Rake and compost large leaves from oak and maple trees. Smaller leaves from ash, honey locust, and birch trees may be chopped with a mulching mower when dry and left on your lawn.
Spread clean straw, marsh hay or oak leaves over tender perennials, newly planted bulbs and strawberries before temperatures drop into the teens but after the soil surface has frozen.
Remove frozen plants from containers and hanging baskets and replace them with evergreen boughs, branches with colorful berries and interesting seed heads from perennials and ornamental grasses.
Keep mowing your lawn as long as the grass is growing. Meadow voles and field mice will damage turf and nearby trees and shrubs if they have long grass for food and cover.
Force tulip bulbs by planting them so they are barely covered with the “noses” poking out in shallow pots. Water well, cover with plastic and move to your refrigerator or an unheated, insulated garage that stays cool but does not drop below 35 degrees F. After about 12 weeks the pots may be moved into a cool area indoors and flowers will appear in 2 -3 weeks.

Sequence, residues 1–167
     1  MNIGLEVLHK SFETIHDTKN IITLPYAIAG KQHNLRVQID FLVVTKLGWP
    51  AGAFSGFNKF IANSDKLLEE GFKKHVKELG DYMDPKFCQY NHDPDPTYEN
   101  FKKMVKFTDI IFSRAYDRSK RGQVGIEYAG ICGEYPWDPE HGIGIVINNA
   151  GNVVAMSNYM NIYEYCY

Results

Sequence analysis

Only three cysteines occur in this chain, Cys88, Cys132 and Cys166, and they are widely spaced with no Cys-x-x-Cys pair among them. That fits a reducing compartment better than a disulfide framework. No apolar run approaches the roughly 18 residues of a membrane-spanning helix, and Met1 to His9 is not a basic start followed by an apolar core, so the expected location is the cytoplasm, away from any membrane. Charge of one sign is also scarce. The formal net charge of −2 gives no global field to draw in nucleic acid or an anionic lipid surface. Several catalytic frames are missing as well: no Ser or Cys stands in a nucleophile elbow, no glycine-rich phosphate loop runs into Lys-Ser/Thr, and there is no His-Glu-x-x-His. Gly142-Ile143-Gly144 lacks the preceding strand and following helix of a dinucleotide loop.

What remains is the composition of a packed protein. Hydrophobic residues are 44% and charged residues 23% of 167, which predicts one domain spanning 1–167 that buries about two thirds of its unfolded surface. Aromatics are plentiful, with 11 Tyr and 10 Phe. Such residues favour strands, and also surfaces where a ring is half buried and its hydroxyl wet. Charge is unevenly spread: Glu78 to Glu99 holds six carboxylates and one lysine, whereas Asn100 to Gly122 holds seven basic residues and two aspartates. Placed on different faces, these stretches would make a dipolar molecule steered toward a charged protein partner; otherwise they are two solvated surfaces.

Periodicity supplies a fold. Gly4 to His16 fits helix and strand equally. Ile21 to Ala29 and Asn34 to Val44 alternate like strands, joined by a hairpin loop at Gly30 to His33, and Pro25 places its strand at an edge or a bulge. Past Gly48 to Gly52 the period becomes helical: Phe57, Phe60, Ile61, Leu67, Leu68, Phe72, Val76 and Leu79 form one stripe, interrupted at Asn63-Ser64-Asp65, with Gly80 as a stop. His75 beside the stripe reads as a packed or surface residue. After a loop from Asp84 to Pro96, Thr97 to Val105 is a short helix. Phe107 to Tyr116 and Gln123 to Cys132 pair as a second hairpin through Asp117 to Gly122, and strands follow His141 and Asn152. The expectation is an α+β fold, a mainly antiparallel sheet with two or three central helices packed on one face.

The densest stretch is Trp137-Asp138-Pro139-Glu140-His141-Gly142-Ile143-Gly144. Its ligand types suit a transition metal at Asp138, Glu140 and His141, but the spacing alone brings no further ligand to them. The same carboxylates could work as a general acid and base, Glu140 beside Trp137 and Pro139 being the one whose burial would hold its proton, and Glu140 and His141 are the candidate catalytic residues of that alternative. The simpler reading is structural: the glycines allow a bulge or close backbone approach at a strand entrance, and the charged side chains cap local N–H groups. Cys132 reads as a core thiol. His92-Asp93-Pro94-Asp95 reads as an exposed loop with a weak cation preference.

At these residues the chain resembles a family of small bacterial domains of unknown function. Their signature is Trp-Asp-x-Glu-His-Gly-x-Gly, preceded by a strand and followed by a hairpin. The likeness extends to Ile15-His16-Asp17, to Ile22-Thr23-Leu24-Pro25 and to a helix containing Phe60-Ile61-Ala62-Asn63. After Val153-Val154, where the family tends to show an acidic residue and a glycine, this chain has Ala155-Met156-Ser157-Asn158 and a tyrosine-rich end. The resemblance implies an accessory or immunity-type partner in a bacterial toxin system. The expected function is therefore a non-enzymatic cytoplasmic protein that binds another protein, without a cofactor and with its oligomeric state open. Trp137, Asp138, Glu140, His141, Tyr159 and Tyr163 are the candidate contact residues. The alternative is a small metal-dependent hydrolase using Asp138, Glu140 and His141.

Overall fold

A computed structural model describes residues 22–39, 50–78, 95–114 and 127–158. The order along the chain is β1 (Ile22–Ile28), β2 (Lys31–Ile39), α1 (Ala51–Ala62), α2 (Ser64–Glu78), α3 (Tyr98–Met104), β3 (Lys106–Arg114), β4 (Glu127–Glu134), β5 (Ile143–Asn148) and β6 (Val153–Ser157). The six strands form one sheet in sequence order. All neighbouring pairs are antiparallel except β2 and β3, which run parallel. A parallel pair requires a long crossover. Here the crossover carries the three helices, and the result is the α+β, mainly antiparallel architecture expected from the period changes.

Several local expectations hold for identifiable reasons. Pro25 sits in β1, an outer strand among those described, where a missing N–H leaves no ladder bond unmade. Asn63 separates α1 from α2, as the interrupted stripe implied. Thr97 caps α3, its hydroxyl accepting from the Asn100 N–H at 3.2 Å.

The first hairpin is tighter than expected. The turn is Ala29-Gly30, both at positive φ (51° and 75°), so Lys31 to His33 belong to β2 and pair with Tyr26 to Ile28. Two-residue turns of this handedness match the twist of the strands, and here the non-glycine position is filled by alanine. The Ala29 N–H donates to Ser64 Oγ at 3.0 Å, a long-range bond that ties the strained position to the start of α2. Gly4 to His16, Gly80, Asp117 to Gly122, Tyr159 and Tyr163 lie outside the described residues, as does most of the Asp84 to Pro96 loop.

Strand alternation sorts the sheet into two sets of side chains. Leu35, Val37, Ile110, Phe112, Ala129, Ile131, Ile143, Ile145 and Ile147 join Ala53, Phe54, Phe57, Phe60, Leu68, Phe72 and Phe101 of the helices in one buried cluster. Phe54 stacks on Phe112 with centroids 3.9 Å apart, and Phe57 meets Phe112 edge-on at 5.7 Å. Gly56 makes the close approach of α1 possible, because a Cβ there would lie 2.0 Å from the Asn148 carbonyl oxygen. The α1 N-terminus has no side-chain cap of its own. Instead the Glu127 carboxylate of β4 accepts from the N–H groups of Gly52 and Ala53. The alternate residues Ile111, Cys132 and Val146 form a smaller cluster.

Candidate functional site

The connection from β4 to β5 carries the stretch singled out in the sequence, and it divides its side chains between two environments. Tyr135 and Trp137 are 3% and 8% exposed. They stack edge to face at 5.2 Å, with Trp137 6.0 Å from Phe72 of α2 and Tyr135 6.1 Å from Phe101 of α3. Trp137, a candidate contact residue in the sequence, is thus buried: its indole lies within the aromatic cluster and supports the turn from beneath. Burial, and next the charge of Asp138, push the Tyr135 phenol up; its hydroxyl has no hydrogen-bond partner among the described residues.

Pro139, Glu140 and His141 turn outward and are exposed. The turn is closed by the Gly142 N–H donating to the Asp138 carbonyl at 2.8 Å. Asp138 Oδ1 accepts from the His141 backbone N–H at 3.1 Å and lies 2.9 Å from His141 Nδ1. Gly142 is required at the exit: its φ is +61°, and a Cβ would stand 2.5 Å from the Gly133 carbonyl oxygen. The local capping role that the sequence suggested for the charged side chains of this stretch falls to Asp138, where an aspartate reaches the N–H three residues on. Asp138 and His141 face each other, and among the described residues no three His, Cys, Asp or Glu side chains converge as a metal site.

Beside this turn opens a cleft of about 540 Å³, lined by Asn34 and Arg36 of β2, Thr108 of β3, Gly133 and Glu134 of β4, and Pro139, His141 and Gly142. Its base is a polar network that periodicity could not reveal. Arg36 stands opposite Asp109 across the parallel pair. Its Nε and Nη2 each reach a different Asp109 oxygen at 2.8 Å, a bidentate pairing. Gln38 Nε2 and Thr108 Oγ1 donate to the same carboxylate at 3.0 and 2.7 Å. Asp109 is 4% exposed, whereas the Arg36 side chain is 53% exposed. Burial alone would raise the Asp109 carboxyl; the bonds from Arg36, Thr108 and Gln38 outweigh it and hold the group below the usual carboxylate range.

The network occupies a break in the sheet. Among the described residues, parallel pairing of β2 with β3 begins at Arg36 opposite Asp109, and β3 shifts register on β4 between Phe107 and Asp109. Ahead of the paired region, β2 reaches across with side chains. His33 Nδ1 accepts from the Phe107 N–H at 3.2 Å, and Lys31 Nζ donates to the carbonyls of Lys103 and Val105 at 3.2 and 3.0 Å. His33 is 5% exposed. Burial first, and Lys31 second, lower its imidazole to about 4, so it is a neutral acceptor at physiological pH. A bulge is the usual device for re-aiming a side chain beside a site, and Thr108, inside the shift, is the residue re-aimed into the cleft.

Change the oil, sharpen blades, clean air filters and replace spark plugs on all of your gas powered equipment. You will have a head start on many spring projects if all of your equipment is ready to go.
Many garden centers and florists will have Amaryllis bulbs for sale and often they are already planted in a pot and all you need to do is add water. Amaryllis are long lived plants that can be grown as blooming house plants during the winter and as foliage plant outdoors during the summer with a 8 week rest period in your basement during the fall.